Online Sharing

What’s the challenge in a systematic review? Collaboration across geographical boundaries and areas of domain expertise. But simply collecting the references in the literature can be cumbersome, says O’Blenis. Then there’s the matter of adjudicating and exporting them into a publishable or editable form. Much of the industry is still doing this the way term papers were written in the 1950s. If they’re doing systematic reviews at all.

In a typical systematic review, O’Blenis estimates, there may be 500,000 pieces of paper. That is no doubt music to the ears of some paperoholic readers. O’Blenis describes the challenge gently: “Because of the volumes of information you’re dealing with, systematic reviews are very challenging. There are lots of systematic reviews that never get finished or drag on for years.”

One of the basic things the SRS software can do, he says, is facilitate two people looking at the same reference in the scientific literature and a) assessing it, and b) crossing it off their team’s list so that no one else on the project tackles it. “It allows you to reduce the time for data screening and extraction by about 60 percent. It’s an accelerator. All of the data is stored online,” says O’Blenis. “It allows users to eliminate 98 percent of the paper from the process.”

Study Tuneup

A thorough systematic review, he says, might cost $100,000 in staff time. It could also eliminate the need for some trials. “There have been cases in the systematic review literature where if you look at the literature, that trial was completely unnecessary,” he says. Yes, there are ethical issues around not doing systematic reviews. “You don’t want to subject more patients to a particular experiment than you need to,” he says.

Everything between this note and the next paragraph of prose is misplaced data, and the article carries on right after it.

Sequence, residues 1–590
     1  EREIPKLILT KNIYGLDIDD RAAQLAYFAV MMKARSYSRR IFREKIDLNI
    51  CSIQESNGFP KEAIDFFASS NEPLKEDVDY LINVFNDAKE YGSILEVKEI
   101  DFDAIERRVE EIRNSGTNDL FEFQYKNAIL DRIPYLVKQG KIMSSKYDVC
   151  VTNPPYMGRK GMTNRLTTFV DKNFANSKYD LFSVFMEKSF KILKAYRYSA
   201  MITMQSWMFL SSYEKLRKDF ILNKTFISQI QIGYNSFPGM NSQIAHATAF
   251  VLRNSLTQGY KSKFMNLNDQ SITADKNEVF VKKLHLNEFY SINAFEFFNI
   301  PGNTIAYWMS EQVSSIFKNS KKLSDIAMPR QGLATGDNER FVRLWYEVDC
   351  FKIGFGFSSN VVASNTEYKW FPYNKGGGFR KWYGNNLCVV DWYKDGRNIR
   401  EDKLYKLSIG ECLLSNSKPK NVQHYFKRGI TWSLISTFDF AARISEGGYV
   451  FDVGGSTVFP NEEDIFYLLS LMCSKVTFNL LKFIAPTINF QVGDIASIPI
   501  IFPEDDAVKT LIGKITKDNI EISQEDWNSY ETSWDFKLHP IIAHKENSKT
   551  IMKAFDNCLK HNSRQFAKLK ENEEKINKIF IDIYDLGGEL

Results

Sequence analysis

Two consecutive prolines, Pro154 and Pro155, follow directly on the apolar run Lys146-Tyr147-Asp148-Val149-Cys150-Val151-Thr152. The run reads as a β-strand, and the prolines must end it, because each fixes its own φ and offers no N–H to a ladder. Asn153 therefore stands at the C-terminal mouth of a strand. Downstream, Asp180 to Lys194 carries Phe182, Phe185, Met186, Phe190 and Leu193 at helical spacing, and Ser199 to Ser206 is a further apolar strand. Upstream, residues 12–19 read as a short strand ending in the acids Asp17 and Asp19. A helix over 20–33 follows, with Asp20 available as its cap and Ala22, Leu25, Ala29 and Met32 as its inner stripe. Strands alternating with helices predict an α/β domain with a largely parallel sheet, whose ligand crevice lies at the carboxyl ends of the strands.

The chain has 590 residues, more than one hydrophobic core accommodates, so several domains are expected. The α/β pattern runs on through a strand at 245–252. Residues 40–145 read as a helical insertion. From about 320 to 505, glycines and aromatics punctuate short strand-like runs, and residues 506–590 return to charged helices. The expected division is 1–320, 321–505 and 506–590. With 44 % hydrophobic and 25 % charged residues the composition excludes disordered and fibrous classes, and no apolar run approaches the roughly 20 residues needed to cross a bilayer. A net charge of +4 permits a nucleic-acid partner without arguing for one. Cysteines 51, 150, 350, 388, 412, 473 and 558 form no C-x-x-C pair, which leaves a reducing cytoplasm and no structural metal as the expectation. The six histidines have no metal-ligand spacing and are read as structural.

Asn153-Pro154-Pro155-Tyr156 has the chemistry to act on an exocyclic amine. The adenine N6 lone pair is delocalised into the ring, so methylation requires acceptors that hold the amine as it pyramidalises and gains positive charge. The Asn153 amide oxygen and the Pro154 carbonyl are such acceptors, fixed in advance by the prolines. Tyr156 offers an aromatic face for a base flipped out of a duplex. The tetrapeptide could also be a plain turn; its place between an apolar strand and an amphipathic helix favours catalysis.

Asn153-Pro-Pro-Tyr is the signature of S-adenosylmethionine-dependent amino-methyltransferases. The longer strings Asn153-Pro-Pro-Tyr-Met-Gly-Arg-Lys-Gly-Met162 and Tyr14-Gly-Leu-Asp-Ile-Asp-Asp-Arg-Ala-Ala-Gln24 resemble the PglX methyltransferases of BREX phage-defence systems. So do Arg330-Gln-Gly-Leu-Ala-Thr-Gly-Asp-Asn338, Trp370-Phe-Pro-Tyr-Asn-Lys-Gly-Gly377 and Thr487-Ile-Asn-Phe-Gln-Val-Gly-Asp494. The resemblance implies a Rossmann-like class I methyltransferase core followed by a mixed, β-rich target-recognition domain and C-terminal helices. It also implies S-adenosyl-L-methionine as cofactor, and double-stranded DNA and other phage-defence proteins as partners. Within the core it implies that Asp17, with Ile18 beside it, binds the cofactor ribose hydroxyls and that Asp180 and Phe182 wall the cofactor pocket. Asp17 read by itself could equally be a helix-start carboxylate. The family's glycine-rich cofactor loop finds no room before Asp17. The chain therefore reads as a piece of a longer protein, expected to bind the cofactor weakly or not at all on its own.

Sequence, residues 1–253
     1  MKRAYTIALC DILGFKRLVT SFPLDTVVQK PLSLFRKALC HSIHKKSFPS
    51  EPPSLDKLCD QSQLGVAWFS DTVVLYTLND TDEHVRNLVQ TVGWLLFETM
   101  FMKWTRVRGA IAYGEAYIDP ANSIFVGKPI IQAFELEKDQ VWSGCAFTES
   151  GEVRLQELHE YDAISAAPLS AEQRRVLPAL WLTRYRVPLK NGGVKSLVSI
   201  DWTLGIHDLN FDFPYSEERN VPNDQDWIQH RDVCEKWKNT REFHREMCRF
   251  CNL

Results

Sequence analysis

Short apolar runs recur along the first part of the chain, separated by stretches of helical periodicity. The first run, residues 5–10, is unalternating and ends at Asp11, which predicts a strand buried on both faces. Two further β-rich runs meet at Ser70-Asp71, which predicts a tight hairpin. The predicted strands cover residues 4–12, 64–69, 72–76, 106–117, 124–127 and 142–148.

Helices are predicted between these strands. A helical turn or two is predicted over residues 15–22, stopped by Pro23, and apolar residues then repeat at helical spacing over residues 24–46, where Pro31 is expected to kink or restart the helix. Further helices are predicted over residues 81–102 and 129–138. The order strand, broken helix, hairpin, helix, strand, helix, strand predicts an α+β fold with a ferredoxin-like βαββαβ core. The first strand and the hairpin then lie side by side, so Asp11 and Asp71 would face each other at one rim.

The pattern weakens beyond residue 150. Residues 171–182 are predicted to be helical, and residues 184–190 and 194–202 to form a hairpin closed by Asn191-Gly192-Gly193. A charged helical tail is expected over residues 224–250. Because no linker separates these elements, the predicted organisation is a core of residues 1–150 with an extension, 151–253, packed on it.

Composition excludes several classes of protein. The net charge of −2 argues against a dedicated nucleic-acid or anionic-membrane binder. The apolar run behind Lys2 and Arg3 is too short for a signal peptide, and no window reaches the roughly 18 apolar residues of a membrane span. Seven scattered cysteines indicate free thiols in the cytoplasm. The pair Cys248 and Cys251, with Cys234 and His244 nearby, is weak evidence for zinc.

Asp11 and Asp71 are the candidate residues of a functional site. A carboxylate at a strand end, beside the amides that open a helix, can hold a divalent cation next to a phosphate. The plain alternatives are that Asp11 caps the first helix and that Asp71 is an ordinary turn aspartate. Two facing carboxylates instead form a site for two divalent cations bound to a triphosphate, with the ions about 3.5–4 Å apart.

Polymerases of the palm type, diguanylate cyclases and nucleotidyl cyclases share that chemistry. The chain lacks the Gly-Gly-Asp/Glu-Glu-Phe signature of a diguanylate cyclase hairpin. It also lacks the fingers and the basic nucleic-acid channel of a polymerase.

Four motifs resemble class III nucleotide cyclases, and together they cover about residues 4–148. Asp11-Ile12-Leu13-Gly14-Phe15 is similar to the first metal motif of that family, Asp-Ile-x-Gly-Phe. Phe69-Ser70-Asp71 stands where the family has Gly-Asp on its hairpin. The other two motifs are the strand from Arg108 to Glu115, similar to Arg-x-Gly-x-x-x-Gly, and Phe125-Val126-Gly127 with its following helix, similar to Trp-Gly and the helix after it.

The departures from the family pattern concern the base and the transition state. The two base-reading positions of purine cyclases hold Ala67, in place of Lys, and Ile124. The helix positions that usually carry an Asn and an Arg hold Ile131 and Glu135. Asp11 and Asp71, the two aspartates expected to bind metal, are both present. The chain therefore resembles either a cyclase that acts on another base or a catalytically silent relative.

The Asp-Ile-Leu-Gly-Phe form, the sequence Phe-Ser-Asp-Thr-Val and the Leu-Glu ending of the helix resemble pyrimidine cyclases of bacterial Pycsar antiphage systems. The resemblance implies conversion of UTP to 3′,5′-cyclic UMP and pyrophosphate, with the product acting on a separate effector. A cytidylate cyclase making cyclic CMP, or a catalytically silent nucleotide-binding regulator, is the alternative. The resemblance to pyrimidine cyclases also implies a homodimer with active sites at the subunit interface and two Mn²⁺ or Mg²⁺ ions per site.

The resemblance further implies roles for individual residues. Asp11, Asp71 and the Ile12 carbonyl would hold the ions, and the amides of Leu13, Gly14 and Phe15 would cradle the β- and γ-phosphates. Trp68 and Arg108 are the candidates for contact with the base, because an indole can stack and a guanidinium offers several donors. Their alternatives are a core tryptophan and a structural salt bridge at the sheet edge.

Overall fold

O’Blenis believes the consensus around systematic reviews is clear. “The idea of using it to tune your trial makes a lot of sense,” he says. “The literature that is out there now is strongly advocating that every clinical trial should start with a systematic review. That will help guide the design of your trial. You won’t repeat the mistakes of other trials. You may have a smaller trial because you don’t need as much data to get a full data set.”

Smarter Trials

We did some clicking around, and learned that if physicians had bothered to do a systematic review of sudden infant death syndrome, they might have nipped it in the bud in the 1970s, not the 1990s. How many deaths could theoretically have been averted? 60,000.

If that’s not enough to get your attention, we’ll note that one peer-reviewed journal, The Lancet, now requires a systematic review as a condition for submitted articles about clinical trials. That reminds us of The Lancet and other journals that mandate registration of trials in clinicaltrials.gov. In another twenty years or so, should regulatory bodies get around to insisting on systematic reviews themselves, you’ll be prepared. Forward-looking CROs, we conjecture, could start offering web-enabled systematic reviews as a dirt-cheap and wise technique to optimize clinical trial design.